What made you get into photography?
I got into photography completely by accident. When I was choosing what to do at college to stay in education; photography was my third choice. However, it’s the one I got into, and on day one I was hooked. The idea that I could capture anger, fear, jealousy, frustration, joy, the erotic and most of all wonder, in a visual format, was completely new. I’d been very closed off as a youth and this freedom of expression that was all of a sudden available to me was overwhelming. After studying at College and University I found myself developing a taste for Alternative fashion such as tattoo’s and latex. Truth be told it was a set of images entitled “Neon” create between Nina Kate and photographer Steve Neaves that kick started my inspiration into shooting that kind of stuff.
How would you describe your photography style?
It’s hard to describe your own style as it’s different in the eye of the audience. That being said I try to focus on images being clean and sharp, I would like to think that my images have a bold look that stands out. It’s only recently that I have found imagery that works as a collection that I can use with multiple models, ordinarily I like to attempt to create something new each time.
Any photographers or artists that you looked up to that helped influence your style?
Where do I start! As I mentioned earlier one of the most significant influences on my work has been Nina Kate. Others include Elegy Ellem, Starfucked, Mosh, Threnody in Velvet and many more. Ophelia Overdose is a huge inspiration from model to designer to artist. Photographers that I will forever idolize would be Robert Alverado, Julian Kilsby and Josefine Jonsson. Other creatives that are a constant inspiration include the likes of Violaceous latex, Miss G Designs and Alice Bizarre, there are so many more out there too.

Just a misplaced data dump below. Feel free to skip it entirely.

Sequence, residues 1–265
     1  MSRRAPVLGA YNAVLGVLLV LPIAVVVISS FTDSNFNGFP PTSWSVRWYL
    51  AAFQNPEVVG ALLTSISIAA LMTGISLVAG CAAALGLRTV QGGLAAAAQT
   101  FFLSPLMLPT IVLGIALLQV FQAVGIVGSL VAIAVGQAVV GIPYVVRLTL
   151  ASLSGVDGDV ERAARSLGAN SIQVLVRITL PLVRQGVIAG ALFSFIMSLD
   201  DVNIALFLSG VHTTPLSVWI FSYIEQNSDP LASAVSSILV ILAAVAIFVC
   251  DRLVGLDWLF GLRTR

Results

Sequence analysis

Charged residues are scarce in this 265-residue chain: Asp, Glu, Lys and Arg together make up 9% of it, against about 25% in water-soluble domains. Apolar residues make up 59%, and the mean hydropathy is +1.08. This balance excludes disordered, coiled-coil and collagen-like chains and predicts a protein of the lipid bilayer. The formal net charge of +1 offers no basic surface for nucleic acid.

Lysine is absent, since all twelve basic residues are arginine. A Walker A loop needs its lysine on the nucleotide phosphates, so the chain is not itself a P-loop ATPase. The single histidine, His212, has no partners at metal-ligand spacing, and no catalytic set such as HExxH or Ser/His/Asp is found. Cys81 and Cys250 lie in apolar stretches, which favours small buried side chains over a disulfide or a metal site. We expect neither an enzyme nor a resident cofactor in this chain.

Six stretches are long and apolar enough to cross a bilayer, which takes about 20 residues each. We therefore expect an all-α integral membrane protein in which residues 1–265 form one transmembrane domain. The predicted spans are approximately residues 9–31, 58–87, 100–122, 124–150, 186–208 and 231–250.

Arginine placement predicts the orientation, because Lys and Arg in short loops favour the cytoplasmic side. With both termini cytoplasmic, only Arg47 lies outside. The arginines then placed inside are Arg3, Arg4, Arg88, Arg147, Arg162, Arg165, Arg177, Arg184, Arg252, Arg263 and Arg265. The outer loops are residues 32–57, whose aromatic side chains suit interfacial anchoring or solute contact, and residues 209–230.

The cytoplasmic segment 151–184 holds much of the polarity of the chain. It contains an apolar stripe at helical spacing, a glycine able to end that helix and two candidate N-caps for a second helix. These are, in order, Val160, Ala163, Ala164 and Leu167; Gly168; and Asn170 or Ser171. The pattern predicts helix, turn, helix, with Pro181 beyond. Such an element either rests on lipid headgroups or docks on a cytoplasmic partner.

Did you study photography in school or are you self-taught?
I did study photography at both College and University. Whilst I did very well at college with the course being mostly practical, I struggled at Uni, with the course being very theoretically and contextually based. I did, however, learn a lot about image subtext and theoretical art practices that I put into practice today. Almost everything that I have learned about cameras, lighting and post production I have taught myself through practice and spending countless hours on YouTube.
What do you feel is the most challenging thing about starting a photography business?
I’d say the most challenging thing about about starting a business as a photographer is finding the fine balance between knowing what to charge and getting the work in. There are a lot of people who ‘own cameras’ diluting the talent pool and undercutting, and with everyone feeling the squeeze of our current financial climate there appears to be few people out there willing to pay for quality. I’m afraid to say that even I can rarely afford to pay for a team these days.
What do you love most about being a photographer?
Without doubt the best thing about being a photographer is getting to meet some of the amazing people that are part of this industry. I have made so many friends and as photography is as much a part of my life as it is a career goal, i find myself to be very privileged to be able to know such fantastic people.